Accessible Science Equipment

[PDF graphic] PDF Version (270 KB)      -      get Acrobat Reader

Promoting the engagement of students with disabilities

Sometimes all it takes for a student with a disability to participate in a science activity is planning ahead when selecting products for a science lab. Below are examples of products the DO-IT Center has purchased to make science activities accessible to all students. Inclusion on the list does not imply endorsement by DO-IT.

Accessible Measuring Devices

Measuring devices with large print and high contrast markings are accessible to students with low vision. In addition, it might be easier for a student who has limited hand or finger control to use a syringe rather than standard measuring spoons to measure liquids. The following everyday items are available at retailers nationwide.

Equipment Labeled with Tactile Braille

A hand-held Braille labeler (e.g., from Maxi-Aids) can be used to add Braille labels to equipment. In addition, Brailled rulers and protractors can be purchased from a variety of companies, including the following retailers.

Talking Equipment

Equipment with voice output can benefit students with visual impairments, as well as those with some types of learning disabilities. When these items also have large print, high contrast displays, they can be used by students who have a variety of disabilities. Examples of products and retailers follow.

Stirring and Filling Devices

Some products benefit students who otherwise have difficulty filling containers and/or stirring.

Non-slip Mats

Non-slip mats can be cut to fit a surface to help prevent items from tipping over or rolling away (Dycem non-slip mat, Dynamic-Living,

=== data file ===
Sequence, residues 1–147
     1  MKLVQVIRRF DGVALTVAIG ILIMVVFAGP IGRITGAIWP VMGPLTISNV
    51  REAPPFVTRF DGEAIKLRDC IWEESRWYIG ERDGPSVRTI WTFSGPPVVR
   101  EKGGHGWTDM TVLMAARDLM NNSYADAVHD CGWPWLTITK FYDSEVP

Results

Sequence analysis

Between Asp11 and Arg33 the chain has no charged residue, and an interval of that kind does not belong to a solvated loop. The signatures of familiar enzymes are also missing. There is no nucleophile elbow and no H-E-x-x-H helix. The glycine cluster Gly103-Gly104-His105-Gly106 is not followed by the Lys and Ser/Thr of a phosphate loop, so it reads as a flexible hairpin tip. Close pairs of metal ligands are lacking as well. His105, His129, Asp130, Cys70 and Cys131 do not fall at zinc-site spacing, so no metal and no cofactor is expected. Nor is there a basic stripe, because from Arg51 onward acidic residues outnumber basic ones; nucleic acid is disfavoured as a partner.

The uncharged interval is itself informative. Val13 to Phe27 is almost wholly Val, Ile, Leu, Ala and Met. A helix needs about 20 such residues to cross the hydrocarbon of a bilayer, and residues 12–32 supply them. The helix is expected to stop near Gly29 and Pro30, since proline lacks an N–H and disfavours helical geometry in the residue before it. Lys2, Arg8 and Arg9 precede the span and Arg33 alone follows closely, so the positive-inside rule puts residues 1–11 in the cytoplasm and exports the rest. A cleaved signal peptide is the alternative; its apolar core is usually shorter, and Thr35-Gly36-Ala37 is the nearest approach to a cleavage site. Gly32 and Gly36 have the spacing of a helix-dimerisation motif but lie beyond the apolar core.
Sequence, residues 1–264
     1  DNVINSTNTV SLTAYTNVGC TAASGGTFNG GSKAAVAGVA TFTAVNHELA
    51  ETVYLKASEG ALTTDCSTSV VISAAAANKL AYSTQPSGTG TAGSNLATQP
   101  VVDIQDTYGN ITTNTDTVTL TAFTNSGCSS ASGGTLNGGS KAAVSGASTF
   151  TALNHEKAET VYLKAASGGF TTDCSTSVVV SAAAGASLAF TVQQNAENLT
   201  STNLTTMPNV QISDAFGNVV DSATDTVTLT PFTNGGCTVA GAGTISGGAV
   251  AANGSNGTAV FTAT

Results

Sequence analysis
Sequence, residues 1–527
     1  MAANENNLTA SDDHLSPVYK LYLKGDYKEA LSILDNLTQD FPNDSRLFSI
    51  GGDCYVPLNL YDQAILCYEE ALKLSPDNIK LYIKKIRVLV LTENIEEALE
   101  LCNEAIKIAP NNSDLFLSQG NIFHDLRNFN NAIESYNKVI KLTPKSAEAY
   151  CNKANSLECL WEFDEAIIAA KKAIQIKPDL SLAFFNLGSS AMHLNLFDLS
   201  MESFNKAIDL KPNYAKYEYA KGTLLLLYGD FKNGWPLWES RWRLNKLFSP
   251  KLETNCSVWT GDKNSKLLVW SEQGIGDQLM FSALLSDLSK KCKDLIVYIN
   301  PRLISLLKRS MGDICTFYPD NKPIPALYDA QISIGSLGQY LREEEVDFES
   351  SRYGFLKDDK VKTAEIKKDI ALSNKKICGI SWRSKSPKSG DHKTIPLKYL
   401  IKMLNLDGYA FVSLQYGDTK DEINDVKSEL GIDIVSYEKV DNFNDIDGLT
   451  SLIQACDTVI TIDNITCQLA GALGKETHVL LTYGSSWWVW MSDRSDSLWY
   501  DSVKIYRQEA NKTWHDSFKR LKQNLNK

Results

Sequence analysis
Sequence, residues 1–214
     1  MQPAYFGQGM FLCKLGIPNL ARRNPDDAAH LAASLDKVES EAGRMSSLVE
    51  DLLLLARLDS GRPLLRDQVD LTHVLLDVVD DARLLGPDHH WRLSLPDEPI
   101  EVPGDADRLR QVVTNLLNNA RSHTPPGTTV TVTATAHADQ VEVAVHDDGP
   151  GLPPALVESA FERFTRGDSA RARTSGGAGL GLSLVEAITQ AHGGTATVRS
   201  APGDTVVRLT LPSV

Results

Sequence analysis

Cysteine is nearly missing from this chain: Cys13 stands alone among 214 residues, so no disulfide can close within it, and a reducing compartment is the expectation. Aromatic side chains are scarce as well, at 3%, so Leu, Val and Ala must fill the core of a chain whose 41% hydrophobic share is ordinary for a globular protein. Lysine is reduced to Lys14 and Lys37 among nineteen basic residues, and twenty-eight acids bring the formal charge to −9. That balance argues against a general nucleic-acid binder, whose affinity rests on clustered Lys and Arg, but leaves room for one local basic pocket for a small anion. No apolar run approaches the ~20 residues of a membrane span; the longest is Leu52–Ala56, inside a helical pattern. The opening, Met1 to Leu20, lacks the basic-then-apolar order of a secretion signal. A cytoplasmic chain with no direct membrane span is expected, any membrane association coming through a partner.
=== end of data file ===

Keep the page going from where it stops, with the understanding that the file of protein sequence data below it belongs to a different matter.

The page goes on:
Tactile Image Creation

Puffy paints and waxed string can be used to add dimension and tactility to flat lines or drawings for students with visual impairments and are often available in craft stores.

Magnifying Devices

Magnifying devices are commonly available in optical shops and bookstores.

Usable Cylinders and Beakers

Plastic cylinders and beakers and items with handles and lids are often available through vendors who sell science lab products.

About DO-IT

DO-IT (Disabilities, Opportunities, Internetworking, and Technology) serves to increase the successful participation of individuals with disabilities in challenging academic programs such as those in science, engineering, mathematics, and technology. Primary funding for DO-IT is provided by the National Science Foundation, the State of Washington, and the U.S. Department of Education. DO-IT is a collaboration of UW Information Technology and the Colleges of Engineering and Education at the University of Washington.

To order free publications or newsletters use the DO-IT Publications Order Form; to order videos and training materials use the Videos, Books and Comprehensive Training Materials Order Form.

For further information, to be placed on the DO-IT mailing list, request materials in an alternate format, or to make comments or suggestions about DO-IT publications or web pages contact:

University of Washington
Box 354842
Seattle, WA 98195-4842
206-685-DOIT (3648) (voice/TTY)
888-972-DOIT (3648) (voice/TTY)
206-221-4171 (fax)
509-328-9331 (voice/TTY) Spokane

Founder and Director: Sheryl Burgstahler, Ph.D.

DO-IT Funding and Partners


This material is based upon work supported by the National Science Foundation under Grant # HRD- 0833504. Any opinions, findings, and conclusions or recommendations expressed in this material are those of the author and do not necessarily reflect the views of the National Science Foundation.

Copyright © 2012, 2010, University of Washington. Permission is granted to copy these materials for educational, noncommercial purposes provided the source is acknowledged.